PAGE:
Formosa TV (FTV) and China Television (CTV) were each fined NT$300,000 by the National Communications Commission (NCC) yesterday for inappropriate coverage of the brawls over the Local Government Act (地制法) at the legislature in January.
The NCC said it received many complaints after the coverage was aired. It then turned the case over to an independent content review committee, formed by experts that are not related to the commission.
NCC spokesperson Chen Jeng-chang (陳正倉) said the news was broadcast on nearly all TV channels, but the two stations were fined because of a history of repeated violations.
Jason Ho (何吉森), director of the NCC’s communication content department, said the two stations received the highest penalty because each has committed five violations in the past three years.
Taiwan Television, Chinese Television Service, CTi News, SET News, TVBS, TVBS-N, ERA News, Eastern News, EBC Financial News and Formosa News all received warnings for their presentations of the same news, Ho said.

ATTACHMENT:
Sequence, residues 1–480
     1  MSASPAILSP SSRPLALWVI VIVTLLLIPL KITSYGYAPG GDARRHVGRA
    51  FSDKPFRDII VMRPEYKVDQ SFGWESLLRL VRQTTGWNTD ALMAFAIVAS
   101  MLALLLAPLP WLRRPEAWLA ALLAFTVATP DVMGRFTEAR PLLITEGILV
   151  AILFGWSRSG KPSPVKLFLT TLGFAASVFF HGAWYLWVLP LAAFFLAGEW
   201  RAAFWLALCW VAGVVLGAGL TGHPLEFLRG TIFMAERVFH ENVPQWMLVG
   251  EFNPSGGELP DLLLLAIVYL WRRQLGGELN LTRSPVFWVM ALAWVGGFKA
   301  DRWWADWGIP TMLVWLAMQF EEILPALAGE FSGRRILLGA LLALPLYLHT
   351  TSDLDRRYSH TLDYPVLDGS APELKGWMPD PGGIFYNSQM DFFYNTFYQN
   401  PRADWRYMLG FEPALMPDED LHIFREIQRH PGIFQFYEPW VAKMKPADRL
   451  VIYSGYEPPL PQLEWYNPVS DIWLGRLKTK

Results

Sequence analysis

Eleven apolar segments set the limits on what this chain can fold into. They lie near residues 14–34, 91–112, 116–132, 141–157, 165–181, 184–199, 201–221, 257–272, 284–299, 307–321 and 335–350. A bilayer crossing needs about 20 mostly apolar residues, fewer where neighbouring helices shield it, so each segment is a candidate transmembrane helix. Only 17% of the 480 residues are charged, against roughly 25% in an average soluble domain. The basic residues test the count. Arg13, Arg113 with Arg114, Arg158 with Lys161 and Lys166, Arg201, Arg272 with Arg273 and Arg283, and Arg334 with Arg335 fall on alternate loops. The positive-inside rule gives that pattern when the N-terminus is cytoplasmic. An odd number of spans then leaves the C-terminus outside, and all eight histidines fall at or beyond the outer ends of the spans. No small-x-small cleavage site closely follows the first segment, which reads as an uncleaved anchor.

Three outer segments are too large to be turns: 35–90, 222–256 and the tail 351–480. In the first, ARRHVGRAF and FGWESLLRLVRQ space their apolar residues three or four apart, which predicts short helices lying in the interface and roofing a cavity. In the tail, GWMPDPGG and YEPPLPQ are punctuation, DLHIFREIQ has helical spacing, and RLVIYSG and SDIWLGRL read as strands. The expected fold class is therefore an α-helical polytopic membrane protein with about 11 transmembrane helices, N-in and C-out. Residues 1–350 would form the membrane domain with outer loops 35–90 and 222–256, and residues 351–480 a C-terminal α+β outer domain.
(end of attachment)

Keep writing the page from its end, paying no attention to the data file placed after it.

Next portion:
“A majority of the members on the content review committee believed news content should be presented in ways that can be viewed by a general audience, as prescribed by television program rating regulations,” Ho said.
May Chen (陳依玫), chairperson of the self-disciplinary committee at the Satellite Television Broadcasting Association (STBA), said the association agreed that television stations should not show lengthy coverage of physical violence, particularly on news programs aired around dinner time.
“But the reports of the physical conflicts at the legislature was meant to show the disagreement between the two main political parties, which is very different from covering a crime or an act of sexual abuse,” she said, suggesting that a representative from the association be allowed to attend the review committee meeting.
The content review committee also discussed a Chinese Nationalist Party (KMT) political advertisement that was intended to portray the Democratic Progressive Party (DPP) as a party of violence. The advertisement used the footage from the legislature.
Ho said the committee members believed the advertisement was flawed but did not violate any regulation.
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